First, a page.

It's been six years since The X-Files ended, answering some, but not all, of the many supernatural questions and conspiracy theories it dreamt up over its nine-year run. Series creator Chris Carter had closed for good the office doors of FBI agents Fox Mulder and Dana Scully. So how did he end up directing a new movie, this summer's The X-Files: I Want to Believe?
“I looked at it in one way as going backwards rather than forwards,” Carter says. “I never like to go backwards in life. But I was convinced that there was still tremendous energy and enthusiasm for the show and the characters. David Duchovny, who had tired of the show at some point, realized that he wasn't tired of it anymore and was very excited about doing another movie. His enthusiasm was infectious. Gillian Anderson was very enthusiastic, and Frank Spotnitz, my co-writer and a producer on the movie, sat and talked to me about all the good work there was to be done.”
The original series ran from 1993 to 2002, and its serialized storylines and paranormal happenings paved the way for shows like Lost and Prison Break. The first X-Files movie came out a decade ago, and Carter says the experience of making a sequel, even 10 years later, was actually better than making the first, because he and the cast and crew weren't busy with the television program. “The fact that we weren't doing a TV show made all the difference,” he says. “It was a much more focused experience. We didn't have all the pressures of doing the show. We weren't doing continuous script prep. Network, ratings, all those things. We worked under the radar, and that had a very beneficial effect on the work.”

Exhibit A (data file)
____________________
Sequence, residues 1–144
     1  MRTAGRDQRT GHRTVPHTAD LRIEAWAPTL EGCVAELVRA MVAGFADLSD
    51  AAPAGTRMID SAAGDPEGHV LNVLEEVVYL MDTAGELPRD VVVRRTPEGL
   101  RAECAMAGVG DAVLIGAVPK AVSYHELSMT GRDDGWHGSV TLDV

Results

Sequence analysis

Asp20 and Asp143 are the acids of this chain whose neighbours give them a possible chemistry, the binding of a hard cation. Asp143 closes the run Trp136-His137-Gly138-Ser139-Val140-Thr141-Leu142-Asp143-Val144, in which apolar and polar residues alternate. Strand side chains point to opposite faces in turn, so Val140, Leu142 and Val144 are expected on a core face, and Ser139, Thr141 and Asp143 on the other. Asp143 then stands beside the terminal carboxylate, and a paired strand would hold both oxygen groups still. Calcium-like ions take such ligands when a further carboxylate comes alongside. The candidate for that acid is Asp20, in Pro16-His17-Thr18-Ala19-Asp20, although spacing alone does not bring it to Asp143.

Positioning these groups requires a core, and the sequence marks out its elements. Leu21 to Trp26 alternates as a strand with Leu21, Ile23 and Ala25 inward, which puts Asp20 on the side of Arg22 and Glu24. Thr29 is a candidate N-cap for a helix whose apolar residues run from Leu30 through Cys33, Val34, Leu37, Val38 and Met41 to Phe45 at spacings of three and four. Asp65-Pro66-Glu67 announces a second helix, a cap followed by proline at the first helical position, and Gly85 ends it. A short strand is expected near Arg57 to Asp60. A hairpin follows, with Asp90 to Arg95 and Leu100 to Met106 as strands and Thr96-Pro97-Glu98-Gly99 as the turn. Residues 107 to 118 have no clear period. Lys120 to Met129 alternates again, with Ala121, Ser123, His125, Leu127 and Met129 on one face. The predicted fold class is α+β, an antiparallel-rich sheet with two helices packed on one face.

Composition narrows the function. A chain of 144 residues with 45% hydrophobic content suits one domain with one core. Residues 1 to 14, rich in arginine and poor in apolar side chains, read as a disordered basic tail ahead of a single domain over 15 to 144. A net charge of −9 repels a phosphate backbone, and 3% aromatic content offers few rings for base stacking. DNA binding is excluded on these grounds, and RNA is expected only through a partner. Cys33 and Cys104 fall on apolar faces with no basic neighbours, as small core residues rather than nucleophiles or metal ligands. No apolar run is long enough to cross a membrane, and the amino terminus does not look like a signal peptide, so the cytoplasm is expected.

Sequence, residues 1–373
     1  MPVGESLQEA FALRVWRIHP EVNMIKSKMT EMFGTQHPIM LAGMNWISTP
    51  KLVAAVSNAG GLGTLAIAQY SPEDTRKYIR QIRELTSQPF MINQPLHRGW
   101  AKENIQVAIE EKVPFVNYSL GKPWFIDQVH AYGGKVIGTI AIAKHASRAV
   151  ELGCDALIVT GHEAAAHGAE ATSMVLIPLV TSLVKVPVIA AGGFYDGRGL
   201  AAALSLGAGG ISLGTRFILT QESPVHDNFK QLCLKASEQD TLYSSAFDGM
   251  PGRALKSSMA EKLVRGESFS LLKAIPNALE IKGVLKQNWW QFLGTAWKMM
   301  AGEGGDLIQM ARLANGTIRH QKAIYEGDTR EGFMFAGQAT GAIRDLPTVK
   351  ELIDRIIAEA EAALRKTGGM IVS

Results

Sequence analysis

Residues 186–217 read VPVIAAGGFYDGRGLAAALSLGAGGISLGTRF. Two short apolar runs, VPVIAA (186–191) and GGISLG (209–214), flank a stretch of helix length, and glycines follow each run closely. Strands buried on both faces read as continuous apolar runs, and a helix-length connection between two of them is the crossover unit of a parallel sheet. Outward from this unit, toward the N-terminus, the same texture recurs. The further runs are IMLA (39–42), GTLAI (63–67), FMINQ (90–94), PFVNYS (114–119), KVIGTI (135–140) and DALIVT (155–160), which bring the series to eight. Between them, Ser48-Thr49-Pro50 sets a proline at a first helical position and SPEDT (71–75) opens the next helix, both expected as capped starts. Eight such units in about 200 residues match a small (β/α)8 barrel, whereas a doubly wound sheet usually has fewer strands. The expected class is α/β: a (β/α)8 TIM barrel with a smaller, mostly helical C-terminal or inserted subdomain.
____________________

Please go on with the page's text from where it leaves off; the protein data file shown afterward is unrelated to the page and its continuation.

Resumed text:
So, what's the new movie about?
The series ended with Mulder and Scully on the run and the X-Files closed. Carter has been tight-lipped about plot details but says I Want to Believe picks up where things left off. “It is a direct connection to the end of the show,” he says. “But it is not a mythology episode, per se. It's not an alien story, and it doesn't involve a government conspiracy. But it's true to the characters and the end of the show.”
Hardcore X-Files fans have dragged Carter over the Internet's virtual coals for not coming up with more plot details—mum's the word isn't a popular concept in the current era of superhighway spoilers and on-the-set video blogs, which were all just ramping up in the X-Files heyday. But Carter, who has actually worked to plant disinformation among the masses, says the fans will be happier because the truth isn't out there.
“They're just being overanxious,” he says. “They really don't want to know. They just think they want to know. My wife hasn't seen the movie or read the script—the fans should appreciate that even my wife doesn't know what's coming.”
It's one mystery he's hoping that, at least until July 25 when The X-Files: I Want to Believe comes out, remains unsolved.